This facility may be too small for a full-blown Building Automation System (BAS) but has outgrown the usefulness of several separate application specific data monitoring systems. Money is too tight to be running several systems in parallel. You need to think about system consolidation. Up front cost and disruption is a real concern. Keep in mind growing to the next level. Start your new system with something simple for instance if you are adding a new UPS, get it integrated to the new system and monitoring, add the other equipment over time. Make sure you can add active control of equipment as a feature
without scrapping everything you’ve already done.

Large Facilities - Integrated Systems:

At this level you are a Manager of a medium to large facility or perhaps multiple sites. You need power monitoring, PUE measurement and active control of your cooling systems. You monitor your UPS & PDU loads and battery condition. All of this is probably done by separate systems currently and you are dependent upon several vendors to keep these systems in top working condition.

The challenge for this Facility Manager is similar to the medium sized facility manager, just intensified. There’s more load, more data, more equipment and more pressure. You need a single “pane of glass” that will let you see everything in your facility and know what’s going on. Since you are perhaps even more stretched in terms of personnel than the medium sized facility manager, this integrated system becomes a “must-have”.

CatNet SystemsStart the most problematic of your separate systems and get that migrated over first. Always keep in mind the single “pane of glass” image. Your integrated system needs to be able to speak multiple protocols. You need the ability to be able to create programming to actively control some equipment and monitor only on others. Make sure the system you choose can give you remote access and alarming. Above all, this integrated system should be capable of growing in a modular fashion without a complete overhaul of everything you’ve done to date. This modularity is the key as to whether or not the system is worth the investment.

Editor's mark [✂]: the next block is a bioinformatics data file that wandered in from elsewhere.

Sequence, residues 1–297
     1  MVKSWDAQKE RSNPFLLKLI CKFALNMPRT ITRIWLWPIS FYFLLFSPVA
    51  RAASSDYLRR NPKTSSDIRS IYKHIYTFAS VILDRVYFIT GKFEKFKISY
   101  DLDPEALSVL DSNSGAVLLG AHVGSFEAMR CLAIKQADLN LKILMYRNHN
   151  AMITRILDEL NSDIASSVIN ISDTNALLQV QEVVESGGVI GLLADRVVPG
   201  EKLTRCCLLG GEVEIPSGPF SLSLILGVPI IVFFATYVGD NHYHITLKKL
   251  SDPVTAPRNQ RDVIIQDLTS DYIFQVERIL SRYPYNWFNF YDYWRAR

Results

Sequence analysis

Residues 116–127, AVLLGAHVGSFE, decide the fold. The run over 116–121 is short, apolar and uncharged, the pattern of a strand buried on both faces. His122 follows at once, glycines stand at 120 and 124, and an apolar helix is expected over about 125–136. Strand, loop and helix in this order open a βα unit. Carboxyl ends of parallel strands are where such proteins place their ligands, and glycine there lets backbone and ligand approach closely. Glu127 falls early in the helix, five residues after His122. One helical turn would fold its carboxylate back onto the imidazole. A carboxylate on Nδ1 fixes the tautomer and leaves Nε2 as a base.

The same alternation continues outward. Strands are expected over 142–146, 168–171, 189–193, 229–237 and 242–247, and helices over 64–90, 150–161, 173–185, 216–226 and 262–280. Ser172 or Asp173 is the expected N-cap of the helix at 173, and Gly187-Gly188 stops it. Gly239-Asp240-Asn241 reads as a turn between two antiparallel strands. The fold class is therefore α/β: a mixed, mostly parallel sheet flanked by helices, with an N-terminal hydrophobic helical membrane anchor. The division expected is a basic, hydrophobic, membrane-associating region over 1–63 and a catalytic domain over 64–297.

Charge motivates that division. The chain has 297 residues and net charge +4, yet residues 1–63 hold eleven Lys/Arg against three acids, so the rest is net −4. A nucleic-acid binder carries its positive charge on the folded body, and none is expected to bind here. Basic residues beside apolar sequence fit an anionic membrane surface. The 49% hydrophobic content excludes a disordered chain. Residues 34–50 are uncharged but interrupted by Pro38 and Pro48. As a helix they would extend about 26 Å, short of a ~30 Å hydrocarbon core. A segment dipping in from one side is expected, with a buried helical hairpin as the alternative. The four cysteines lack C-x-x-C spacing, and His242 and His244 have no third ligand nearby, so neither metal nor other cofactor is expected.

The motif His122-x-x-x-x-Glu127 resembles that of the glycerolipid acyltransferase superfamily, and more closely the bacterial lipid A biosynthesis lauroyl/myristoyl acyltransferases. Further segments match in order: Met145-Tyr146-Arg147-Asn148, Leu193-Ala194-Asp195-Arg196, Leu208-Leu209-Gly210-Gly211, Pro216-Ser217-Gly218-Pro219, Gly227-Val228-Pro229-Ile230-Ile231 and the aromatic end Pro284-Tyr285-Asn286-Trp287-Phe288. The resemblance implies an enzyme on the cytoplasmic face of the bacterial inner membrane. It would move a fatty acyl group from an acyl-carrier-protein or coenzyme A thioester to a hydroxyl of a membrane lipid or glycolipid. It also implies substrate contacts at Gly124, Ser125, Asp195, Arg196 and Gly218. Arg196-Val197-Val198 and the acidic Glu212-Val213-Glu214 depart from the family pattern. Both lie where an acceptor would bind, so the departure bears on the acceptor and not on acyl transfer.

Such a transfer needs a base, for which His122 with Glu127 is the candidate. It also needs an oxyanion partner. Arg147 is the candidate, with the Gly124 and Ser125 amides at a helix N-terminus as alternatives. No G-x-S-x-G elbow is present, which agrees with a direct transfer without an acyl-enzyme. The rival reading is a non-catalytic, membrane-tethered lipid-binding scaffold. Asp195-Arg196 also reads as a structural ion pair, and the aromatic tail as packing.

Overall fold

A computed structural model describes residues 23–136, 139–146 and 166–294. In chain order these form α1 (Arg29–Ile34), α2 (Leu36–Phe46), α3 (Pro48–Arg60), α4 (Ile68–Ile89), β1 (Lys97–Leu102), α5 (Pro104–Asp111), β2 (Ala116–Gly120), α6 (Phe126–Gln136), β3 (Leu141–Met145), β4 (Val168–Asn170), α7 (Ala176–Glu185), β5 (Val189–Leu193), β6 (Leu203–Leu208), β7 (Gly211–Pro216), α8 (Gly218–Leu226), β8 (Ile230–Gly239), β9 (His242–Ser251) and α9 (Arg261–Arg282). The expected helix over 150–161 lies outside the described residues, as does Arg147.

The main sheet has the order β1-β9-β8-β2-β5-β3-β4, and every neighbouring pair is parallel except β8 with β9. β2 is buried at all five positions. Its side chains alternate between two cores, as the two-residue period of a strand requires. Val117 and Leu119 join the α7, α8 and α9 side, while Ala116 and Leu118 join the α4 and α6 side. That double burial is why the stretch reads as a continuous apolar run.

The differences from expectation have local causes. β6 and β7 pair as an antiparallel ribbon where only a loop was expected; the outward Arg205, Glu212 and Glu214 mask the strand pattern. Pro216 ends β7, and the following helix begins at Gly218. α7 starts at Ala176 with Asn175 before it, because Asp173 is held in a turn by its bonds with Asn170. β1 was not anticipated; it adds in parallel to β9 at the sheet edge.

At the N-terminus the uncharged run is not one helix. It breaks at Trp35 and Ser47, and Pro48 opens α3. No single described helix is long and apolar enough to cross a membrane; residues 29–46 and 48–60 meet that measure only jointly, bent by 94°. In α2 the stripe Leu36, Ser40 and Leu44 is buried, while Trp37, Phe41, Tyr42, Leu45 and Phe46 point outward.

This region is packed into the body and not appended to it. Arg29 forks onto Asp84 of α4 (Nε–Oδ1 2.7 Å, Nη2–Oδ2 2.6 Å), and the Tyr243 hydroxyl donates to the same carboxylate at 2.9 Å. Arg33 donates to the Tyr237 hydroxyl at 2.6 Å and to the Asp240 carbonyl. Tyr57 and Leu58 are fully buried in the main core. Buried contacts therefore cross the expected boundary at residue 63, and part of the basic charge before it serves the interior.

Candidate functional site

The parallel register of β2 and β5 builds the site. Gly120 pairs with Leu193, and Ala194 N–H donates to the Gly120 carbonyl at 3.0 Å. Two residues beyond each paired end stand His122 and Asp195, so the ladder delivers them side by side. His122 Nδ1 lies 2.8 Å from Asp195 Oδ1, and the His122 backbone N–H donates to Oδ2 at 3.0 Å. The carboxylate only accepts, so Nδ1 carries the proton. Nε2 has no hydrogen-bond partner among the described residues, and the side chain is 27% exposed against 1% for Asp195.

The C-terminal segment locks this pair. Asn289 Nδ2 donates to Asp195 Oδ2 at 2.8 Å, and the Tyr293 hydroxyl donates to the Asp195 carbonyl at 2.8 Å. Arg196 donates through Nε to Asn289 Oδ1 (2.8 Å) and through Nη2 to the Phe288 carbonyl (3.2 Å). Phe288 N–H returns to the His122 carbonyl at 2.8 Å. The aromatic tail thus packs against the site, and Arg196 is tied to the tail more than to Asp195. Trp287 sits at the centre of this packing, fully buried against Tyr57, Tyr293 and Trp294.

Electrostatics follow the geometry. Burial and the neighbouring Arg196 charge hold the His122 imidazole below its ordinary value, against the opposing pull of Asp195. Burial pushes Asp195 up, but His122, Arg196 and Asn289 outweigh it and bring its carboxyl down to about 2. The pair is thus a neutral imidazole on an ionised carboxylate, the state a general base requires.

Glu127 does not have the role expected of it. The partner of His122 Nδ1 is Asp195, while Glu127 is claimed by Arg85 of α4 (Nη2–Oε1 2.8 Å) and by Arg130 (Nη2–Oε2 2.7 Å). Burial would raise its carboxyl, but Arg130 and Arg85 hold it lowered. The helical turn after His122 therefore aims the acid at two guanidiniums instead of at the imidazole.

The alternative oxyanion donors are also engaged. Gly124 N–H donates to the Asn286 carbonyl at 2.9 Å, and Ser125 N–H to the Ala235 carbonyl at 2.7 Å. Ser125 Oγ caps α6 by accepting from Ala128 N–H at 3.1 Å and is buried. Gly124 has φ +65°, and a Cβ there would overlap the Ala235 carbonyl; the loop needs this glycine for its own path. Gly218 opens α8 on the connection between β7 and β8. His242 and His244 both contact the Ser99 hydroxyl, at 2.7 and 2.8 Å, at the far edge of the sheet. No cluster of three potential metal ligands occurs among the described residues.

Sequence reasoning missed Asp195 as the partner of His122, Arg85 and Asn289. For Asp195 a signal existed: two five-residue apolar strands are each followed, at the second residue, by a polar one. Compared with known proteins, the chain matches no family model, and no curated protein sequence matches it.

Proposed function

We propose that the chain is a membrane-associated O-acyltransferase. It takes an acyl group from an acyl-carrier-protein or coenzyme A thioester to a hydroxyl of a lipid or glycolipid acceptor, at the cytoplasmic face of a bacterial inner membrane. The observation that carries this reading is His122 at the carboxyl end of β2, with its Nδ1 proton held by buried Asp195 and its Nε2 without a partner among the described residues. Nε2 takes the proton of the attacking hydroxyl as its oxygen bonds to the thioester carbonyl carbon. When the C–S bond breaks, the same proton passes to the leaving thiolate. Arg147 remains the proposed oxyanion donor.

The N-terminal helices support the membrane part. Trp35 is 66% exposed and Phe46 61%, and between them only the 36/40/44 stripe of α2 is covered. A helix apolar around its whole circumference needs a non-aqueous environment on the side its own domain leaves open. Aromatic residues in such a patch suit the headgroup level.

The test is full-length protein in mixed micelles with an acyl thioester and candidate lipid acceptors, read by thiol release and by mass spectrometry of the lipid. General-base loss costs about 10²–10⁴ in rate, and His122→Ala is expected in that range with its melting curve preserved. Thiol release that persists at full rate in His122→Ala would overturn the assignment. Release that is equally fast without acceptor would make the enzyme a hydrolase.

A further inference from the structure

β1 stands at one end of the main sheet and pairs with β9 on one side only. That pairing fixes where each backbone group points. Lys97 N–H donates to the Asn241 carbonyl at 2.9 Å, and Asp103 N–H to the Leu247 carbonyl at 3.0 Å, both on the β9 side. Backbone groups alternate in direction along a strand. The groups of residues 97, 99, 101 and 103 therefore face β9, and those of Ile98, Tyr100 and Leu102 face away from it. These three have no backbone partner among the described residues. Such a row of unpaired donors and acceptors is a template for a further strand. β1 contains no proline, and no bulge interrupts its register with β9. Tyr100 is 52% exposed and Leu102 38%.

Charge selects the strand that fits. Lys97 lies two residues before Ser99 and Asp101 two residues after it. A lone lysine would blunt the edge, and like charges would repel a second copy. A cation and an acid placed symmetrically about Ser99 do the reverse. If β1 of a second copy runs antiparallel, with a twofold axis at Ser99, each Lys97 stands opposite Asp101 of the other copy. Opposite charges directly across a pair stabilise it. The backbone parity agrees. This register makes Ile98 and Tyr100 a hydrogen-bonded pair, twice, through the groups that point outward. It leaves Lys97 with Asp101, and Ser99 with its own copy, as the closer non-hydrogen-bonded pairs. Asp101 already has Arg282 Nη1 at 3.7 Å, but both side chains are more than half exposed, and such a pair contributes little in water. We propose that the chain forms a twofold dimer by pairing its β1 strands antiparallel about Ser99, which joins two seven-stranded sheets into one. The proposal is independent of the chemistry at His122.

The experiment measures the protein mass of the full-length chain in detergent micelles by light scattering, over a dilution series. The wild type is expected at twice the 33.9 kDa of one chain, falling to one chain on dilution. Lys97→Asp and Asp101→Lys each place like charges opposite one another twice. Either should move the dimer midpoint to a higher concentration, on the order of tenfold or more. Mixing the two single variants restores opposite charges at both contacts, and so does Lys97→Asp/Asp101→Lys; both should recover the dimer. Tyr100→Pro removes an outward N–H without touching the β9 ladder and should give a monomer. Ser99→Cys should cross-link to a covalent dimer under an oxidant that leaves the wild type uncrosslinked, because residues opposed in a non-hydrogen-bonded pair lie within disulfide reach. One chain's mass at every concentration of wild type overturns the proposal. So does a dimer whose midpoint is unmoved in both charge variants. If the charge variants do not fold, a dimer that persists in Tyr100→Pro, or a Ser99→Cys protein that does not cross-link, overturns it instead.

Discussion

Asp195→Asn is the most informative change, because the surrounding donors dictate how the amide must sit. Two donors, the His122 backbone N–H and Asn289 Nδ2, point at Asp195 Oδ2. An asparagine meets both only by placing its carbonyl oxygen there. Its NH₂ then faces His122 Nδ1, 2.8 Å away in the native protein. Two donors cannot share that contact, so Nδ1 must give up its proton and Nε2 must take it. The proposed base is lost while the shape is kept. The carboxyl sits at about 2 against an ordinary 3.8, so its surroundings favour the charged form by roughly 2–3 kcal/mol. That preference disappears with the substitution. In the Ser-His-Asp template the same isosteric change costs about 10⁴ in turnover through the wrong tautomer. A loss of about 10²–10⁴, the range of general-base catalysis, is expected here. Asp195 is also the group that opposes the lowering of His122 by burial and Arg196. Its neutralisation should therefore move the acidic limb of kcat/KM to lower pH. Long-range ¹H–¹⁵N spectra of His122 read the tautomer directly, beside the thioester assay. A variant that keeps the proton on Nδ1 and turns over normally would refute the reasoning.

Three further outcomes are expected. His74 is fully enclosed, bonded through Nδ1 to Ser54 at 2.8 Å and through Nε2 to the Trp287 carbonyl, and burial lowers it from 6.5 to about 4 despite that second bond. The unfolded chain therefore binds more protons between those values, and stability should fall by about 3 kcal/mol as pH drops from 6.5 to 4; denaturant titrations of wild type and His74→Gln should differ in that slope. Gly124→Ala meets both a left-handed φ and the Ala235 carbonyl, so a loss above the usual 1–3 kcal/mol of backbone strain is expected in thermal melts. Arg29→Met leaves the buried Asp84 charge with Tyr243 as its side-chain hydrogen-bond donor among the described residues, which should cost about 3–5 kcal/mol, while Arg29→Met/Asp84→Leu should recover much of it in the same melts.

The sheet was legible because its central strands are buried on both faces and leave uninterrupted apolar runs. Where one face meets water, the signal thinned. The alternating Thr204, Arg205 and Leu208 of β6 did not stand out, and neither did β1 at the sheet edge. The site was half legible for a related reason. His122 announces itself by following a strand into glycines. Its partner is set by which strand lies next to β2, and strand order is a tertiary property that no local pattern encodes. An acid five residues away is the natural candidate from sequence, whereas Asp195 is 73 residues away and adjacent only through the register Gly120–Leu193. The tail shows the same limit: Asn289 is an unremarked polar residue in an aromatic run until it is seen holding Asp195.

Conclusion:

The good news is there are plenty of system candidates out there. The bad news is that you have to choose from among them. You want to stay away from anything proprietary that locks you into a sole source contract for future parts, service and system expansions. System migrations of ANY size are difficult enough without making it nearly impossible with a proprietary system that won’t work with the rest of your equipment.

As you can tell from the above discussion, I’m not a fan of anything proprietary. I’m also not a fan of anything that can’t give the Facility Manager of an IT closet the ability to grow their system to a 10,000+ square foot facility. It doesn’t have to break the bank to get these features from the outset, but it does take planning and planning takes time, something in short supply these days. If it isn’t non-proprietary, flexible, scalable and modular, don’t waste the money. Plan on this being a process that can take more than a year to get the single “pane of glass” that will allow you to concentrate on more important things like running your data center.

That’s all for now and always remember, us SERVICE GUYS don’t care how large or small the job is, we just want to be the call you make!

Regards,
Todd